JUMO Proposed Expansion Promises More for Africa’s Credit Market
The main goal of fintech companies is to lower access barriers and include segments that have traditionally been left out of the financial services industry. With the help of Fintechs, ethical and successful businesses may now maintain their operations with easy access to finance at reasonable rates. In order to power financial services in Africa, JUMO, a Banking as a Service platform employs AI. In this way, the startup provides lending and savings products to business owners as well as financial services infrastructure to partners including banks, mobile fintech platforms, and eMoney operators.
JUMO has touched more than 20 million users and small enterprises in their seven years of existence and enabled the issuance of more than $4 billion in loans. The startup now plans to establish its presence in new African markets including Cameroun, Nigeria and Benin Republic.
Recall that JUMO had secured a $120 million investment led by Fidelity Management & Research Company, LLC in November 2021. At the time, the fintech had noted that the investment will fuel its international expansion into new markets and improve on its SME offers.
Jumo’s Managing Director for Africa, Buhle Goslar, unveiled the fintech development plan for the upcoming year on the sidelines of the Africa Financial Industry Summit (Afis), which took place in Lomé on November 28 and 29. Cameroon will be the focus in the first quarter, followed by Nigeria and Benin in the second. In the first half, there will also be the unannounced introduction of new commercial products in Ghana and Uganda.
JUMO is neither a neo-bank nor a non-bank lender or financial services provider; the firm does not offer credit, savings, or insurance products directly. Instead, JUMO’s business strategy serves as an illustration of a “aggregator platform”. Aggregator platforms, also known as “Platform as a Service (PaaS),” are a specific type of multi-sided digital economy market-maker that stands in between “sellers” and “buyers” of goods.
JUMO has served 18.9 million customers, has disbursed $3.95 billion in loans and given 128 million loans to date. By reducing the cost of lending by up to 60% in the last 6 years, JUMO has accelerated systematic change enabling capital to flow more freely, in the markets where they operate. JUMO’s entire business is based on fostering social impact, as its business model is centered on improving financial inclusion for the underserved.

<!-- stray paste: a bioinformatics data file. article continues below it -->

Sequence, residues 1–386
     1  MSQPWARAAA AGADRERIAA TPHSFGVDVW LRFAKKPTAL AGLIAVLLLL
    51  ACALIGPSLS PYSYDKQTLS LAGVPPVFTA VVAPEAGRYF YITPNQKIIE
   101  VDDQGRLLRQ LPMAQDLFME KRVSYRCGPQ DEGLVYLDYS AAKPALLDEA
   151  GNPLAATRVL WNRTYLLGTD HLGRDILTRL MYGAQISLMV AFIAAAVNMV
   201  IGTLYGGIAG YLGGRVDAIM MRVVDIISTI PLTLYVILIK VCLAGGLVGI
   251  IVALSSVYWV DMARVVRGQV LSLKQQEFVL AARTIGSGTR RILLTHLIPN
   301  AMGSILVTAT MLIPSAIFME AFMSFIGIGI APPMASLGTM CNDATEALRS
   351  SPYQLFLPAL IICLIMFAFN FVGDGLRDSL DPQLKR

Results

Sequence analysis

JUMO endorses the principles set by the Responsible Finance Forum and ensures fair and transparent terms and lending practices. They work with their banking and payments partners to ensure that customers receive credit amounts they can manage and pay back, while actively applying measures to avoid over-indebtedness.
JUMO has a vision beyond the successful growth of its technology platform. CEO Andrew Watkins-Ball has said, “Our ambition is to facilitate the financial inclusion of every adult in the markets we serve.” While many Fintechs state similar aspirations, JUMO’s track record signals deeper commitment to quality financial services.
JUMO has increased its decision science, credit risk, and portfolio analytics capabilities after the two Smart Campaign assessments. For them, these operations are integral to strong operations but also to touch-points for ensuring healthy take-up and usage of its products.
What the Expansion Offers New Markets
JUMO offers loan options to people who would not typically have access to formal lending options. This is evident in the fact that over 90% of its consumers make less than $10 per day. Over 40% of Nigerians for example, make less than $1 each day. This population will benefit greatly from the expansion project. The growth of JUMO will significantly increase people’s ability to manage their money by offering loans for things like company investments, college expenses, or more fundamental requirements like food and healthcare.
Reintermediation of monetary and financial relationships is the main justification for JUMO. JUMO’s reintermediation will entail recruiting differentiated users “at scale” utilizing socio-technical processes, displacing and modifying current informal interactions in Africa, which is home to nearly three-quarters of the estimated 1.7 billion “unbanked” individuals worldwide.
JUMO typically aims to support a broader developmental logic of opportunity, based on inclusion within formal economic institutions. For instance, the JUMO website and marketing materials are rife with images of consumers who seem to be self-sufficient, upwardly mobile, and generally young and tech-savvy. The platform intends to promote access, empowerment, and inclusion into the contemporary system of rational formal monetary and financial relations, and to favorably impact the demographic of Africa that is most financially excluded.